• Number of days in hospital (OR 1.01)

This presumably led to another paper specifically on the sex differences, which was the one I spotted recently. They found that female sex is a risk factor associated with long-term post-COVID symptoms but not with COVID-19 symptoms (OR 2.54 for 3 or more post-COVID symptoms).[4]

We already know that men have an increased risk of death (OR 2.41),[8] so there will be more women left who have suffered severe infections and lived to tell the tale, and how badly they are suffering with post-COVID symptoms.

César and his team have gone on to evaluate the time course of the 8 most prevalent COVID-related symptoms and shown that there is a “rolling coaster pattern”, to quote one of his recent letters.[5] In a meta-analysis of 33 studies and 24 255 patients (15 244 hospitalised and 9011 non-hospitalised) they found that symptoms decrease from onset to 30 days, but increase at 60 days and decrease again at 90 days.[6]

Figure 2. Time course of 8 most prevalent COVID-related symptoms at onset/hospital admission and 30 days, 60 days and 90 days or more after. * Statistically significant effect (P<0.001) showing a time trend during the different follow-up periods.[6]

1          Fernández-de-Las-Peñas C, Palacios-Ceña D, Gómez-Mayordomo V, et al. Defining Post-COVID Symptoms (Post-Acute COVID, Long COVID, Persistent Post-COVID): An Integrative Classification. Int J Environ Res Public Health 2021;18. doi:10.3390/ijerph18052621

2          Fernández-de-Las-Peñas C, Rodríguez-Jiménez J, Fuensalida-Novo S, et al. Myalgia as a symptom at hospital admission by severe acute respiratory syndrome coronavirus 2 infection is associated with persistent musculoskeletal pain as  long-term post-COVID sequelae: a case-control study. Pain 2021;162:2832–40. doi:10.1097/j.pain.0000000000002306

3          Fernández-de-Las-Peñas C, Pellicer-Valero OJ, Navarro-Pardo E, et al. Symptoms Experienced at the Acute Phase of SARS-CoV-2 Infection as Risk Factor of Long-term Post-COVID Symptoms: The LONG-COVID-EXP-CM Multicenter Study. Int J Infect Dis Published Online First: 8 January 2022. doi:10.1016/j.ijid.2022.01.007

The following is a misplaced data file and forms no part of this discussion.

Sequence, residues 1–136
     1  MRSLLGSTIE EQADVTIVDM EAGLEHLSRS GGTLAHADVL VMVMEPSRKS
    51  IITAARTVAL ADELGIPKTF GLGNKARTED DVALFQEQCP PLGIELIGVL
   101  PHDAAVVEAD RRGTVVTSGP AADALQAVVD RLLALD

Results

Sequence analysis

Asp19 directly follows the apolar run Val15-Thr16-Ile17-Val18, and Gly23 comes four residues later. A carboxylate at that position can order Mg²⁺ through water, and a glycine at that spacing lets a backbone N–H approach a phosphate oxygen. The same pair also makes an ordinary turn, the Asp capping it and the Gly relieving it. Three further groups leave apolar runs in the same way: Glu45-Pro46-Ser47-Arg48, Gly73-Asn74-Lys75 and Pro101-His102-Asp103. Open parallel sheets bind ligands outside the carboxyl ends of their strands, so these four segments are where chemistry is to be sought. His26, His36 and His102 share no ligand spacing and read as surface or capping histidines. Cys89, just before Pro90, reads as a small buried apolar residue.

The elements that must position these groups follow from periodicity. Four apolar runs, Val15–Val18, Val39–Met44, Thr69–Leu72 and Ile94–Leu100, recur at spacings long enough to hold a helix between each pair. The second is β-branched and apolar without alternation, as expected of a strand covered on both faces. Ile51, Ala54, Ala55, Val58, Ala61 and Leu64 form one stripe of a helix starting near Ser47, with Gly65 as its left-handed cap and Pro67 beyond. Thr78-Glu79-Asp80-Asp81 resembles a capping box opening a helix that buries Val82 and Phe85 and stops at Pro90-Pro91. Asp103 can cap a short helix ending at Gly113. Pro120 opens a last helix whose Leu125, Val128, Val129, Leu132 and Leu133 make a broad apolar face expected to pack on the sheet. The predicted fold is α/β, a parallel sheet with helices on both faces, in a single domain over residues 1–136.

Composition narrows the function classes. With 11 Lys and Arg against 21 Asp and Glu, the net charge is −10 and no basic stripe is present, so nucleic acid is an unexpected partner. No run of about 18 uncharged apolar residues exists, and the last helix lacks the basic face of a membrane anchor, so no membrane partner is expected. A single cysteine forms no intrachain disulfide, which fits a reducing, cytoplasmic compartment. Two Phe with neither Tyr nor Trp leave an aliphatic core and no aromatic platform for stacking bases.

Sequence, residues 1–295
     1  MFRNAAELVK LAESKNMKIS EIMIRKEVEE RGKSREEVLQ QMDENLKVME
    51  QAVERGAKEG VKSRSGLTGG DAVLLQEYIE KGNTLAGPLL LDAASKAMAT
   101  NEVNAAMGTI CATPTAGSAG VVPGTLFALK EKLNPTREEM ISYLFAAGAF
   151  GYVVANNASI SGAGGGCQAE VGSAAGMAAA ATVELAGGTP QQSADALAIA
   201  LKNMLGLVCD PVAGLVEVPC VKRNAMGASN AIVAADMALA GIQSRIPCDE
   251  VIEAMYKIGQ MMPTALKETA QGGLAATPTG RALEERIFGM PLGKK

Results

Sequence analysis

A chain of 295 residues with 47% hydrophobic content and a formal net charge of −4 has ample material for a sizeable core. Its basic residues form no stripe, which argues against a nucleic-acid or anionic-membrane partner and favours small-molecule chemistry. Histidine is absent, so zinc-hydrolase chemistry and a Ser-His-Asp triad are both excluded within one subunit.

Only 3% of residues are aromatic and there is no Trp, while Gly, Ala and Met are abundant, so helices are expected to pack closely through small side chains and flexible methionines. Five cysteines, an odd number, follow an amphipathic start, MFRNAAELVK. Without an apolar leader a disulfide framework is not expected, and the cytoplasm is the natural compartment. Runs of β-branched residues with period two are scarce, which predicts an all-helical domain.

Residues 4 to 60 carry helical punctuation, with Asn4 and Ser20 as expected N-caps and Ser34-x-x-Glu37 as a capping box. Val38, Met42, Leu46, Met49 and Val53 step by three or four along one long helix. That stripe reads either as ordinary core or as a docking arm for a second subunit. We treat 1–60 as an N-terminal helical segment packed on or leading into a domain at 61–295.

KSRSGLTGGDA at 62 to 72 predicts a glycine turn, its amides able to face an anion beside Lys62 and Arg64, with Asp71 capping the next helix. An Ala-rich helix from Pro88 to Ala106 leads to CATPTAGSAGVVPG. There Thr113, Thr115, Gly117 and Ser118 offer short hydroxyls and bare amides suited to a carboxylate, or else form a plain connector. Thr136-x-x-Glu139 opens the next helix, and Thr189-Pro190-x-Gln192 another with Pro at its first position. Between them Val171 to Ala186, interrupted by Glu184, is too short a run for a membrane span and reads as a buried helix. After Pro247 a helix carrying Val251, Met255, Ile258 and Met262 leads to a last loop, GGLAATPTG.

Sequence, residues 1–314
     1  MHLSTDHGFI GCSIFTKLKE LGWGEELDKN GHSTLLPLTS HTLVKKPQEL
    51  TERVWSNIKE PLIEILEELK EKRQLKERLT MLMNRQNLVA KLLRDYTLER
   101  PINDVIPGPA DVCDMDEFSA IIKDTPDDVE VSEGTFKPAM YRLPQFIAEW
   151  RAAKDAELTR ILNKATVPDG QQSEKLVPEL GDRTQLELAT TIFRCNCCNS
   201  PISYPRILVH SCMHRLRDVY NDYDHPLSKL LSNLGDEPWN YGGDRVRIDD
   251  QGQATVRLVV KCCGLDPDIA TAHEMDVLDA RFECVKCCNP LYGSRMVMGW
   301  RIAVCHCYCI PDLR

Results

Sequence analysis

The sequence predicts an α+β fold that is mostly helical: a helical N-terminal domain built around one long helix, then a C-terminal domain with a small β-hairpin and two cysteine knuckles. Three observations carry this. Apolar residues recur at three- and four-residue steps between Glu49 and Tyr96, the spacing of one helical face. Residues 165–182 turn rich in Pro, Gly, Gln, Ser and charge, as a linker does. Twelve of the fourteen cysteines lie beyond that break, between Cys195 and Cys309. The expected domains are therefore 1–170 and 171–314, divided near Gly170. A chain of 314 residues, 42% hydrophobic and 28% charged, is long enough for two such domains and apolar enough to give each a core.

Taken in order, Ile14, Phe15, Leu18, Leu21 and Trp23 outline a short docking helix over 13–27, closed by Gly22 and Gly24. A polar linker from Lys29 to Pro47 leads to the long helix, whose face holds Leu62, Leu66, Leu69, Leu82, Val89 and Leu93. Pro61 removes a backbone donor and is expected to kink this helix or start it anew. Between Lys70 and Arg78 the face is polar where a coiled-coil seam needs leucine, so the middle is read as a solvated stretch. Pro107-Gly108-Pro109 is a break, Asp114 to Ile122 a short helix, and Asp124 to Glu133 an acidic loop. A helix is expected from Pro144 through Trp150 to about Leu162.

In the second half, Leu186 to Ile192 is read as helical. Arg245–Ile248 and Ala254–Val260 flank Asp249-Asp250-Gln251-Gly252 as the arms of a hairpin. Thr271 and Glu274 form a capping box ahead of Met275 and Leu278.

4          Fernández-de-Las-Peñas C, Martín-Guerrero JD, Pellicer-Valero ÓJ, et al. Female Sex Is a Risk Factor Associated with Long-Term Post-COVID Related-Symptoms but Not with COVID-19 Symptoms: The LONG-COVID-EXP-CM Multicenter Study. J Clin Med 2022;11:413. doi:10.3390/jcm11020413

5          Fernández-de-Las-Peñas C. Are Patients Exhibiting post-COVID Symptoms at 12-months the same than at 5- or 9-Months? The Fluctuating Nature of Post-COVID. Clin Infect Dis Published Online First: 5 January 2022. doi:10.1093/cid/ciac007

6          Fernández-de-Las-Peñas C, Palacios-Ceña D, Gómez-Mayordomo V, et al. Prevalence of post-COVID-19 symptoms in hospitalized and non-hospitalized COVID-19 survivors: A systematic review and meta-analysis. Eur J Intern Med 2021;92:55–70. doi:10.1016/j.ejim.2021.06.009

7          Fernández-de-Las-Peñas C, Martín-Guerrero JD, Cancela-Cilleruelo I, et al. Trajectory curves of post-COVID anxiety/depressive symptoms and sleep quality in previously hospitalized COVID-19 survivors: the LONG-COVID-EXP-CM multicenter study. Psychol Med 2022;:1–2. doi:10.1017/S003329172200006X

8          Barek MA, Aziz MA, Islam MS. Impact of age, sex, comorbidities and clinical symptoms on the severity of COVID-19 cases: A meta-analysis with 55 studies and 10014 cases. Heliyon 2020;6:e05684. doi:10.1016/j.heliyon.2020.e05684

Declaration of interests MC